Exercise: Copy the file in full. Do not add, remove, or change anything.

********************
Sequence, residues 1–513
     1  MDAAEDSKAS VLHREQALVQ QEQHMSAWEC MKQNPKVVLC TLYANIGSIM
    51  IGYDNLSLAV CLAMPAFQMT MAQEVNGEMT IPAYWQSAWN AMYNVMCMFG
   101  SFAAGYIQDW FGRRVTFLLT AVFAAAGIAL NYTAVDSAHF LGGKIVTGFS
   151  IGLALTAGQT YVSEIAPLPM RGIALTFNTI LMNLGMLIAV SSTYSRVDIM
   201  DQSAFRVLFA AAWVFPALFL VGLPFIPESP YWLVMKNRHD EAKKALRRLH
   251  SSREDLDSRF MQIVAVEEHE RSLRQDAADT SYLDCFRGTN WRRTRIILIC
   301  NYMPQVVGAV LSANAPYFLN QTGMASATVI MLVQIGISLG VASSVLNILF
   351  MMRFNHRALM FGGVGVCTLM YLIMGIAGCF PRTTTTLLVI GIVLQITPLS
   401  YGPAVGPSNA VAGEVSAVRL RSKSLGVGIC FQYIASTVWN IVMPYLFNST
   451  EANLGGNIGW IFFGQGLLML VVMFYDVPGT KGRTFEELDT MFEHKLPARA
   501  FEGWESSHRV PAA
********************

Sequence, residues 1–513
     1  MDAAEDSKAS VLHREQALVQ QEQHMSAWEC MKQNPKVVLC TLYANIGSIM
    51  IGYDNLSLAV CLAMPAFQMT MAQEVNGEMT IPAYWQSAWN AMYNVMCMFG
   101  SFAAGYIQDW FGRRVTFLLT AVFAAAGIAL NYTAVDSAHF LGGKIVTGFS
   151  IGLALTAGQT YVSEIAPLPM RGIALTFNTI LMNLGMLIAV SSTYSRVDIM
   201  DQSAFRVLFA AAWVFPALFL VGLPFIPESP YWLVMKNRHD EAKKALRRLH
   251  SSREDLDSRF MQIVAVEEHE RSLRQDAADT SYLDCFRGTN WRRTRIILIC
   301  NYMPQVVGAV LSANAPYFLN QTGMASATVI MLVQIGISLG VASSVLNILF
   351  MMRFNHRALM FGGVGVCTLM YLIMGIAGCF PRTTTTLLVI GIVLQITPLS
   401  YGPAVGPSNA VAGEVSAVRL RSKSLGVGIC FQYIASTVWN IVMPYLFNST
   451  EANLGGNIGW IFFGQGLLML VVMFYDVPGT KGRTFEELDT MFEHKLPARA
   501  FEGWESSHRV PAA